So you want to be a better soccer coach. What is the best to accomplish this?
You could read books on coaching (see https://wcctrainingcenter.com/productcart/pc/viewCategories.asp?idCategory=2)
You could watch videos (see https://wcctrainingcenter.com/productcart/pc/viewCategories.asp?idCategory=3)
You could watch as many games as possible (see http://www.beta.foxsoccer.tv/page/Home/0,,13138,00.html)
You could attend seminars or conventions (see https://wcctrainingcenter.com/seminars.asp)
You could attend coaching courses (see http://nscaa.com/rc.php)
The one method frequently ignored or to observe high level coaches.
It’s been my experience that if you ask many high level coaches for permission to observe their training sessions, most will allow it with no hesitation. Many will often go much further than that and take the time to sit down with you, answer your questions and help any way they can (within reason). This is true for club coaches, high school coaches, college coaches and professional coaches.
This is an excellent way to see how others do things. You can see not only them running a training session but frequently can learn how they set it up, why they chose to do it the way they did and then how they adapt when needed.
I have done this in the past and not only was it a wonderful one time learning opportunity but in a few cases it led to long term coaching friendships.
If you choose to do this, realize there are good times and bad times to set this up. Right before, or right after a game is NOT the time to approach a coach. Try giving them a call and setting up a quick meeting to discuss what you are looking to do. make it at a time that is convenient for them. Wanting some of their time right before the finals might not work but if you choose a time in the season when it’s a bit slower it increases the chances of the coach saying “yes”.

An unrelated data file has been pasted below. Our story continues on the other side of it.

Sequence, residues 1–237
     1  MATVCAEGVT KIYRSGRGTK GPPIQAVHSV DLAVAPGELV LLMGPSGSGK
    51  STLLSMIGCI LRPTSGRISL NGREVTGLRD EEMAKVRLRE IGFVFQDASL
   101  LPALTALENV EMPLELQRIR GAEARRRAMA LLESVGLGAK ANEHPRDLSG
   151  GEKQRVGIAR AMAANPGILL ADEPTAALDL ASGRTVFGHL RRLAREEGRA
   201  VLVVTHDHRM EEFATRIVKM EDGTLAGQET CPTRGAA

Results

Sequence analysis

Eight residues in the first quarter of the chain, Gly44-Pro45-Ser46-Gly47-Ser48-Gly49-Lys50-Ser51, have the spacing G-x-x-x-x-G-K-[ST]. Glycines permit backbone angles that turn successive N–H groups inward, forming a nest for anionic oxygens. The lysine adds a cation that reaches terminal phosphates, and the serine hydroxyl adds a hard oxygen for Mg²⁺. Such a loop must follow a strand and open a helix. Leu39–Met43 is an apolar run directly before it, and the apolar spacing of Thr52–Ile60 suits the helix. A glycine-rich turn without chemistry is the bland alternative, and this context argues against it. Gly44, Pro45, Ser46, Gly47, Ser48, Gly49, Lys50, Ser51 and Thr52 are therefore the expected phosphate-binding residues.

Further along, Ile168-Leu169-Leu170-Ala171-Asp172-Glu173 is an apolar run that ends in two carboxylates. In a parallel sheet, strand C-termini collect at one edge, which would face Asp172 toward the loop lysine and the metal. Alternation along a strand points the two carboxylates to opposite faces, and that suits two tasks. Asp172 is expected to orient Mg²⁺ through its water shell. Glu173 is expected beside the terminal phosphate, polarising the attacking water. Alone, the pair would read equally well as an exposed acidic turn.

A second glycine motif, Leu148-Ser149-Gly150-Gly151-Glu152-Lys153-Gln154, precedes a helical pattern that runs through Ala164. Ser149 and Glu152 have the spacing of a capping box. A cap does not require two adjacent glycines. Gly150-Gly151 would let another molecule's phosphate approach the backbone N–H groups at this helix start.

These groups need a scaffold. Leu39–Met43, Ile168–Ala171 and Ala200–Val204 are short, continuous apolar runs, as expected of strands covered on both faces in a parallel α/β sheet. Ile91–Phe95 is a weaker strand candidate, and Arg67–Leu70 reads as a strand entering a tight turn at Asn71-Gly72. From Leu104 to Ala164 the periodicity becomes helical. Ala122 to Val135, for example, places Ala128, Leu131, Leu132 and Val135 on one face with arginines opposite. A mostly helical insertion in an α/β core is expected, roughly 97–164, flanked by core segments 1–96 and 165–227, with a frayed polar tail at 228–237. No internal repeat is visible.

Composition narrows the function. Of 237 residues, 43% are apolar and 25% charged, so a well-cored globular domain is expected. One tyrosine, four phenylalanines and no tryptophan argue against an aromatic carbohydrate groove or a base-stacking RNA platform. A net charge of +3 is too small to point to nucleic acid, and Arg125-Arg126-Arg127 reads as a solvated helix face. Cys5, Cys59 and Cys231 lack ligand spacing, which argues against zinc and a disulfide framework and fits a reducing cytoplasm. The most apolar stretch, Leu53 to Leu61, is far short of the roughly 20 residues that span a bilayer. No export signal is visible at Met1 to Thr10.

When you have been given permission to observe a session, do everything you can to stay out of the way. Unless the coach specifies otherwise, this is NOT the time to ask questions or to make comments. Wait till the session is over and then ask if it would acceptable to ask a few questions. As long as they understand you aren’t trying to waste their time, most coaches will take the time to help.
Observing other coaches is a GREAT way to learn the right way (and the wrong way) to coach. It takes some time but when you consider it to be part of your educational experience, it’s a very inexpensive way to learn.
Just something to think about